Design for social change. The more I tinker with design, the more I believe in its power to create positive social change. Even as we sift through the wicked problems of today, design is uniquely capable of making sense of complexity and finding nuanced intervention points for impact.
My thesis explores how design can bolster social capital in fragmented urban neighborhoods. Social capital – defined by Robert Putnam as the commodity of trust, reciprocity and respect between people – is a vital component for neighborhoods to be self-sustaining. However, in the Brooklyn neighborhood of Bed-Stuy in which this thesis is focused and I reside, the rising gentrification breeds a de facto culture of in-group silos.
My thesis uses the physical form of a Little Free Library to leverage designed strategies for creating space and opportunity for trust and reciprocity. My hypothesis is that if a neighborhood is entrusted with engaging with artifacts that are left outside at all hours of the day, then heightened trust and reciprocity in the neighborhood will follow. Various designed components leverage engagement from the library, such as: branded labels for the book spines so users are reminded of the source of the books, bookplates inside the front covers posing questions about the neighborhood, promotion of a neighborhood tool library, and installation of a chalkboard to encourage passive dialogue.
In the course of the two months that the pilot library has been installed, there has been a marked increase in engagement from the neighborhood. Book inventory has been at an almost constant flow, Instagram and Facebook commentary shows that people value what the library represents, and conversations with people on the sidewalk solidify an appreciation for the structure. While only time can tell if this sentiment truly translates to heightened trust and reciprocity, this project achieves its hyperlocal pursuit of micro change.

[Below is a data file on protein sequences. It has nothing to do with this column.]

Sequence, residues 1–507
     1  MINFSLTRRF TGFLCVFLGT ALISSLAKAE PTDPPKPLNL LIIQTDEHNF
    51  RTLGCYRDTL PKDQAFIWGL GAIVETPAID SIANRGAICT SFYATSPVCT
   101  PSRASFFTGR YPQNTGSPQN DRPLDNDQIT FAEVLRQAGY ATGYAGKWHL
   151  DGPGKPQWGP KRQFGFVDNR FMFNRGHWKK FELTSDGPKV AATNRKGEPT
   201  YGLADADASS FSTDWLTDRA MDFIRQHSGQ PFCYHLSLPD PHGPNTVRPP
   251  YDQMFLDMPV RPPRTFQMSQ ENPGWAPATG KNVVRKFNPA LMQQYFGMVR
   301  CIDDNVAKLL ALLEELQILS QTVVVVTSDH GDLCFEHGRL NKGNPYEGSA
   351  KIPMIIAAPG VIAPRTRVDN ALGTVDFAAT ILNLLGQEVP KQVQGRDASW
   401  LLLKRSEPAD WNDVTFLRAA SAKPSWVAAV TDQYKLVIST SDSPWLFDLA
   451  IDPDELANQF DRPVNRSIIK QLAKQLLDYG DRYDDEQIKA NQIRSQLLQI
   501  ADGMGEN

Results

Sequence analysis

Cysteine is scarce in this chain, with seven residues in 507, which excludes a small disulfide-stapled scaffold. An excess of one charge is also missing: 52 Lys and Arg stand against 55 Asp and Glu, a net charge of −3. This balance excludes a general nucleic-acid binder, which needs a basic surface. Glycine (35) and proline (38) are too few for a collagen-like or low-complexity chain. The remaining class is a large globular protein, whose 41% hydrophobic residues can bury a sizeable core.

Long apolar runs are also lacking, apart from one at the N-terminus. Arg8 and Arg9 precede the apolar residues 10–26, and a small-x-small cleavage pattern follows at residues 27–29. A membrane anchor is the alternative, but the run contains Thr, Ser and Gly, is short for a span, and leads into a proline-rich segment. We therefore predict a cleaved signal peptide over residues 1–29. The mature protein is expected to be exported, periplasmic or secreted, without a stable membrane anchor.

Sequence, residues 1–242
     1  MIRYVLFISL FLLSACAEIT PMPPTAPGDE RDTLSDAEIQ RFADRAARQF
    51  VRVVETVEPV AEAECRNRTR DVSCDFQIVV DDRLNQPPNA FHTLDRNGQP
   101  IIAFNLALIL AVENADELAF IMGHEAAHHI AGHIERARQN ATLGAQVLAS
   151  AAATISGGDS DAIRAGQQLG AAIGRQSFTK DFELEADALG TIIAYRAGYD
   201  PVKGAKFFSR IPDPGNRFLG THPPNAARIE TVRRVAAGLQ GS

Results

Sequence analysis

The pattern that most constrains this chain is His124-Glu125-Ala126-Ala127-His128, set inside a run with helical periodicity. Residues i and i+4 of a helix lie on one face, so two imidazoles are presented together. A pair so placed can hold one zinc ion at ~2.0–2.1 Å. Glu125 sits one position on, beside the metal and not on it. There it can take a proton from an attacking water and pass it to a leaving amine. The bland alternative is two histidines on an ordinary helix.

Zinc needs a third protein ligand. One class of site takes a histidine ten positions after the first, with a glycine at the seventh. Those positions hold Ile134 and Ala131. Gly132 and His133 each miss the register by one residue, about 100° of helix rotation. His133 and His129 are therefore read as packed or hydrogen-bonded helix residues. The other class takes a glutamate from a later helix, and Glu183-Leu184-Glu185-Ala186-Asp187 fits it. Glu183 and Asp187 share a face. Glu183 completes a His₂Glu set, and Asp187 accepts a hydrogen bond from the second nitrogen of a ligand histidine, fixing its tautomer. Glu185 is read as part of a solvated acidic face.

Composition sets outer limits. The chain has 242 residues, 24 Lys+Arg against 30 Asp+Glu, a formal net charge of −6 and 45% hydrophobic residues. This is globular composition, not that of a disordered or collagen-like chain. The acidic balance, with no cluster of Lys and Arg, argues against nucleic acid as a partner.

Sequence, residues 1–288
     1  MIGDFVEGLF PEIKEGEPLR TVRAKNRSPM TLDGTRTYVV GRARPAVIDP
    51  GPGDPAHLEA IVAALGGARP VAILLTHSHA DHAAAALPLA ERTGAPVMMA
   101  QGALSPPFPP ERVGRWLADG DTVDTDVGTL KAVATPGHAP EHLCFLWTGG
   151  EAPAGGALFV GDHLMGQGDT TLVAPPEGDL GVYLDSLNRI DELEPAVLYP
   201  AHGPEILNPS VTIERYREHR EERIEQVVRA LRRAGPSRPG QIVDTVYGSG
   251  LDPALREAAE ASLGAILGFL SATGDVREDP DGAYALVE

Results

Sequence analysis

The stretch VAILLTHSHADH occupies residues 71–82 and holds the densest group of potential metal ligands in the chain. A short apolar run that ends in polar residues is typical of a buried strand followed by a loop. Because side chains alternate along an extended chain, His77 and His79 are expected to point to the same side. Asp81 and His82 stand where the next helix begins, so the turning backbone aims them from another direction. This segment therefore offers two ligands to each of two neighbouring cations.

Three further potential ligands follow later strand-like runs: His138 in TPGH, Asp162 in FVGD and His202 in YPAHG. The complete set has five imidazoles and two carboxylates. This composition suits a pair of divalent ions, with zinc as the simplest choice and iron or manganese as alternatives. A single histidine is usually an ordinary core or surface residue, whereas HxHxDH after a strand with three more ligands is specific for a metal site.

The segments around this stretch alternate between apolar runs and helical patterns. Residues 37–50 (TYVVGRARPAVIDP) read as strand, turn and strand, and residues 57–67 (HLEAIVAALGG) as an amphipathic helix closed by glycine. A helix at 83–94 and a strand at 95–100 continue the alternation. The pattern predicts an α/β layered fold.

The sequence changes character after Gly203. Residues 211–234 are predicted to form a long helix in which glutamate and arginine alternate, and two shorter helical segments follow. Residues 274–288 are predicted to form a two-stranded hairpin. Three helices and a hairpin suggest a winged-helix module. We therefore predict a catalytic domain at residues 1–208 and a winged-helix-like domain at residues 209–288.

Initiated in Summer 2015 as a Summer Design Researcher within the Department of Innovation and Design in the NYC Mayor's Office of Operations.
The city of New York offers an immense depth of public services to its citizens, especially the most vulnerable. But how are people made aware of their eligibilities and how do they access these services? The NYC Mayor's Office of Operations manages the web platform ACCESS NYC as a one-stop destination to learn what services are available to a user and to streamline the application processes.
As an independent contractor, I spearheaded the user testing and design research to gain insights and develop recommendations for the www.nyc.gov/accessnyc website. I investigated how people seek public benefits, particularly through on-site research of food stamp centers and phone interviews with community-based organizations. In addition to field research, I led the internal policy and web development teams in debriefing sessions and produced a final report of best practices and recommended improvements.
The organization GOOD established a make believe holiday called Neighborday in order to encourage people to go outside their comfort zones (emotionally and physically) and meet their community. I absolutely loved the idea and led two initiatives in April 2013. One was a block party at my apartment where I literally knocked on unknown doors. At work, I encouraged people to hand draw maps of their community. Both events gathered submissions upwards of forty! I designed a series of postcards and flyers, as well as personally knocked on strangers doors to invite them to participate.